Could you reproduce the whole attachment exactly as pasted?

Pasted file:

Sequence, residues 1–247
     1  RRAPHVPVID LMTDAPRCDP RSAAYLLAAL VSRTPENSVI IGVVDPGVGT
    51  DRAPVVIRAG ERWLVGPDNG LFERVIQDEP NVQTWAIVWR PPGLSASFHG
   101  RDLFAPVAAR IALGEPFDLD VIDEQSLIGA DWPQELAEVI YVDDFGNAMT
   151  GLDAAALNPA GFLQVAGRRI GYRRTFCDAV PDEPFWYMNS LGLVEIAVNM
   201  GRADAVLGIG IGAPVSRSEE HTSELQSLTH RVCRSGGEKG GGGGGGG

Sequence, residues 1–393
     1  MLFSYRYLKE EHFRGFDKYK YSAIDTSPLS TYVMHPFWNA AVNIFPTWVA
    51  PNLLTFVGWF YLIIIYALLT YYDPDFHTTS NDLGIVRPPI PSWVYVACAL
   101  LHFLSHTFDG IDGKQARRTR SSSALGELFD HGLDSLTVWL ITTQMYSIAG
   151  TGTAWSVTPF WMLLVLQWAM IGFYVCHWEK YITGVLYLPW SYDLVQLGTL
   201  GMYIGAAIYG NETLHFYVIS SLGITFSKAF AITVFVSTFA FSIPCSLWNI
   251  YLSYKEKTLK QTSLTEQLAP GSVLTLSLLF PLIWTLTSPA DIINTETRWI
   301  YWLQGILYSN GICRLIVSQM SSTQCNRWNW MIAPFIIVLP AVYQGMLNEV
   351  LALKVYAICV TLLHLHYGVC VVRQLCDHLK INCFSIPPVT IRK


Sequence, residues 1–247
     1  RRAPHVPVID LMTDAPRCDP RSAAYLLAAL VSRTPENSVI IGVVDPGVGT
    51  DRAPVVIRAG ERWLVGPDNG LFERVIQDEP NVQTWAIVWR PPGLSASFHG
   101  RDLFAPVAAR IALGEPFDLD VIDEQSLIGA DWPQELAEVI YVDDFGNAMT
   151  GLDAAALNPA GFLQVAGRRI GYRRTFCDAV PDEPFWYMNS LGLVEIAVNM
   201  GRADAVLGIG IGAPVSRSEE HTSELQSLTH RVCRSGGEKG GGGGGGG

Sequence, residues 1–393
     1  MLFSYRYLKE EHFRGFDKYK YSAIDTSPLS TYVMHPFWNA AVNIFPTWVA
    51  PNLLTFVGWF YLIIIYALLT YYDPDFHTTS NDLGIVRPPI PSWVYVACAL
   101  LHFLSHTFDG IDGKQARRTR SSSALGELFD HGLDSLTVWL ITTQMYSIAG
   151  TGTAWSVTPF WMLLVLQWAM IGFYVCHWEK YITGVLYLPW SYDLVQLGTL
   201  GMYIGAAIYG NETLHFYVIS SLGITFSKAF AITVFVSTFA FSIPCSLWNI
   251  YLSYKEKTLK QTSLTEQLAP GSVLTLSLLF PLIWTLTSPA DIINTETRWI
   301  YWLQGILYSN GICRLIVSQM SSTQCNRWNW MIAPFIIVLP AVYQGMLNEV
   351  LALKVYAICV TLLHLHYGVC VVRQLCDHLK INCFSIPPVT IRK